A writer isn’t a writer if he or she doesn’t write.
You may find it difficult to improve as a writer. And, I believe this is very much your heart’s desire.
One of my clients asked the question, “What happens if I run out of things to say with this manuscript that I’m working on?”
Here’s my response, “You will never run out of things to say. Ideas will always come providing you’re in a space or time in your life where those ideas can flow freely.”
You may be working on a blog, article, press release or book. You’re probably doing awesome things with your writing like my client.
Writing experts, like myself, have daily goals to write a certain amount of words per day.
Are you a beginner writer finally getting into the swing of it? I highly suggest setting a goal of 1000 words per day.
Here’s where you must find your rhythm. My rhythm begins at 5 AM through 3 PM. My brain shuts down after this time. I am most creative with a clear head in the mornings.
My inspiration and ideas are best while everyone else sleeps in. However, your best writing and thinking maybe late evenings or nights.
Become sensitive to yourself to learn when writing is best for you. I remember struggling with this in grad school. It was needful for me to find this sweet spot for writing because grad school is nothing but reading and writing.
I made myself sit quietly and reflect; think about my thinking. This concept is called metacognition.
While sitting in a place that had no interruptions or distractions, I became more in tune with how my body and brain work regarding progress.
At this moment, I realized that I get extremely fatigued after 4 PM–literally to the point of no energy to extra things.
But I’d function at optimal performance during the morning, afternoon, and early evening.
As a writer, you should draw from your experiences. When you write from your experience, think of it as a life lesson. A lesson that you’ve already or recently learned.
Explain the situation. Write an explanation about the encounter. Use as many details as you can. Explain the experience.
For example, talk about the events that surrounded the situation. Was it cold outside? Did the sun shine brightly? Did a wasp creep through the window? Where did it fly? Were you able to kill it? Did the wasp distract you?
On the one hand, it’s okay to use rich narrative, beautiful and or explicit details as a writer. Don’t feel like you have to be rigid. Writing in a beautiful poetic voice is alluring. Using elaborate metaphors or similes may be your style.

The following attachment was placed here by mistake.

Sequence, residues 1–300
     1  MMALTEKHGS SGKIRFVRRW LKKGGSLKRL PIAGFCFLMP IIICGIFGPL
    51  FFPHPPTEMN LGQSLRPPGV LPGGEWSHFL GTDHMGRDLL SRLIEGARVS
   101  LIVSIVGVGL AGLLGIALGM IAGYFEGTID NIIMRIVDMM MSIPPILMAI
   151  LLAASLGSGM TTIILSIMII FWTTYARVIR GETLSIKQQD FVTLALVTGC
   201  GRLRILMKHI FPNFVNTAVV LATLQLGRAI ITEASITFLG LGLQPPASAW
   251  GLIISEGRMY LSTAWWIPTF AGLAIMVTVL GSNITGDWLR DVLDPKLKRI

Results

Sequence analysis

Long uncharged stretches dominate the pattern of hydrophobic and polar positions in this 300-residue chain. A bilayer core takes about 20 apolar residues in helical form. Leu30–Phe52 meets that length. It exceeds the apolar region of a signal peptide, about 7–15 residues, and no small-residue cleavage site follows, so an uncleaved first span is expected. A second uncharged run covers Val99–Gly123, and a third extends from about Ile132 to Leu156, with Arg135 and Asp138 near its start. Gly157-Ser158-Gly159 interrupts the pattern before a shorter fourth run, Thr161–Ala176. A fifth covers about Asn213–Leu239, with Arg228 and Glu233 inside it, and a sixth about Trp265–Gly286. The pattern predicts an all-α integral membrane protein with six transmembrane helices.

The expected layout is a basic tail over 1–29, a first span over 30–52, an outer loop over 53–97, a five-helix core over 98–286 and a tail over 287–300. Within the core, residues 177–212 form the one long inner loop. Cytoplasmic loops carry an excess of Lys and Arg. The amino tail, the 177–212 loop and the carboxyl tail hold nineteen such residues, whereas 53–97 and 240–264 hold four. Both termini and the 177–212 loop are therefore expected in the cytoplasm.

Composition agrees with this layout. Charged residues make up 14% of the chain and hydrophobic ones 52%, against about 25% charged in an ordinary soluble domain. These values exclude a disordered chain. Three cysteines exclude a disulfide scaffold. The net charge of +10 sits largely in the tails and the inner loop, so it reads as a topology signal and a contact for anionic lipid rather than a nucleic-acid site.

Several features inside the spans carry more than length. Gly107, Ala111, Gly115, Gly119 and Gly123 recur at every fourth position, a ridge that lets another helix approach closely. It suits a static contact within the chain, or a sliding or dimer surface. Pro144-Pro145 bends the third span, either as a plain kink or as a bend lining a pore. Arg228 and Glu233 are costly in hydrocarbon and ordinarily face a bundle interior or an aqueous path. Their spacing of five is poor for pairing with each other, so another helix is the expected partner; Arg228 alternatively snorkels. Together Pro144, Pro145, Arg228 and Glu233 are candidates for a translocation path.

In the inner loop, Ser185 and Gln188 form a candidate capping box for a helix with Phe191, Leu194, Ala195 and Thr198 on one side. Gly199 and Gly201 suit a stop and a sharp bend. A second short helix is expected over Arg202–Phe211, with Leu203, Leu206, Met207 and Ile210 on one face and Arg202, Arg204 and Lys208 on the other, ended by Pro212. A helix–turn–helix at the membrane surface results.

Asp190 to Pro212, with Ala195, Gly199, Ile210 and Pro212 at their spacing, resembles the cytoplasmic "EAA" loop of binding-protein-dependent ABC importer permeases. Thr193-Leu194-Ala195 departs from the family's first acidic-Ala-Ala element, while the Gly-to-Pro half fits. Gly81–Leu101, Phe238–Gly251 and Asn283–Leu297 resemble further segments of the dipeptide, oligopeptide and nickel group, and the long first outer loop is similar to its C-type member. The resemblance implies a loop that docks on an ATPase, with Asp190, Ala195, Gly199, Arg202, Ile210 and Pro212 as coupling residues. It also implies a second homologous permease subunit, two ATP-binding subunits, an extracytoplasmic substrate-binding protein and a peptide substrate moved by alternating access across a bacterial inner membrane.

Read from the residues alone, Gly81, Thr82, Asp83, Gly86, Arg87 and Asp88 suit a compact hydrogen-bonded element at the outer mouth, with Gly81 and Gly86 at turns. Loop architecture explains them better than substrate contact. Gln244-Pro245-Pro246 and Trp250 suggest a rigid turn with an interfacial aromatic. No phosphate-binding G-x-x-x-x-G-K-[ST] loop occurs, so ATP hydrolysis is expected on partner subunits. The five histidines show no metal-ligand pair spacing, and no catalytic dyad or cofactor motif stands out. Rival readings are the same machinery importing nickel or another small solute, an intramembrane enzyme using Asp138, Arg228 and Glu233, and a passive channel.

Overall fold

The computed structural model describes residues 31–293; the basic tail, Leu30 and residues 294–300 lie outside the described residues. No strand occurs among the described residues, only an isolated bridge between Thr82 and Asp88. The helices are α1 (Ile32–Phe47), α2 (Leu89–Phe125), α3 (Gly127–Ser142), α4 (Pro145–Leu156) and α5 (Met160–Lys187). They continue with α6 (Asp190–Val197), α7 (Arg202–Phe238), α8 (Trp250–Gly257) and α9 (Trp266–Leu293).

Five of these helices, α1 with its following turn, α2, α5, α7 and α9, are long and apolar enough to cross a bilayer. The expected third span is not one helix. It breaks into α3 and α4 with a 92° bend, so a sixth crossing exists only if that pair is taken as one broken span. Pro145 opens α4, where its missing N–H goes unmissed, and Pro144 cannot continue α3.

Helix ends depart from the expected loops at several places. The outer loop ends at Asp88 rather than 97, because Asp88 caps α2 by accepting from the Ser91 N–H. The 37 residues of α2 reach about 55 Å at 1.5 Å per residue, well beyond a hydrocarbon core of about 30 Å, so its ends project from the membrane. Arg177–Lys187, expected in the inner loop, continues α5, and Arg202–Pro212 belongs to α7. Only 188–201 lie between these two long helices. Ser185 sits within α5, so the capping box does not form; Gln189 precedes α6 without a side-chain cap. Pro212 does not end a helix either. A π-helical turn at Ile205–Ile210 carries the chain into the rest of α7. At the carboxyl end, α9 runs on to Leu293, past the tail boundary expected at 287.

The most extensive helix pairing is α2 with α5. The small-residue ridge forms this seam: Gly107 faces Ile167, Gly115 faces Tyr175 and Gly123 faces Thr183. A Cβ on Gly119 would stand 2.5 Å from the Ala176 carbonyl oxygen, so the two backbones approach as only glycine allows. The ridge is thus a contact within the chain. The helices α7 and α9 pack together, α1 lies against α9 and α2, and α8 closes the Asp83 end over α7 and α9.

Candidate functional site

On the other hand, if you write on a scholarly level, of course, it’ll be loaded with research. I had to learn the hard way writing scholarship can have a “soft” tone as well. Because I always felt like I had to prove my intellect being a writer.
Continually feeling this pressure can be stressful, too; you get caught up in the “competition” with others.
And, please understand that I get how tone and style play a significant role in different kinds of writing.
What kind of writer are you?
I’m more of a poetic writer, where I like to use metaphors and similes. I want to use hyperboles–you know those exaggerated statements. I don’t mind doing stuff like that, and then that’s my voice and my style. Hence, when I write like that, I’m able to use more details.
Take for instance a moment prepping for the Christmas holiday. One particular day my husband and I worked on the Christmas tree. I’d explain everything that happened; how he asked me to turn on some Christmas music to set a beautifully warm atmosphere.
I remember searching through the channels and thought to myself, “Why does it take forever to find the music channels for Christmas, or did the cable station move it?
These moments will get written down exactly as it happened including my thoughts. I’d also write how we started off with three strands of lights and then had to add another strand because the middle section of the tree just wasn’t popping enough.
Using the word “popping enough” is like adding a particular kind of flavor to my style.
The other things to include is how he took pictures at his job while watching coworkers decorate the area. We were able to learn and get new ideas from those pictures. I’d also add details from the photos.
These are just a few examples regarding using details and explaining your encounters, but you want to make sure those encounters connect with the context that you’re writing in.
And you want to make sure there’s a lesson that you learn.
What’s the lesson from this day that I learned? I learned where the new holiday channel was, and how to have a little more patience. When you have patience, you can find what you’re looking for, write with ease and details.
When you’re writing, write from a place of your experience. Use details and talk about a lesson that you learned in a way your readers can connect with you.
A writer will use creativity to connect him/herself to a text, encounter, society, the world, and people. After making these connections, think about what causes you to join. Reflect on why.
Essentially, you’re becoming more self and other aware. This awareness improves your writing skills and gives you more to write.
Finally, after you make life connections or you connect your writing to your experiences, coupled with research on the topic, your daily writing routines will get stronger.
There’s something that we are constantly learning something– that we continually experience that’s new, familiar and probably old.
Either way, your life is full of colors, flavors, and details to always have something to write daily.
Images are courtesy of Pixabay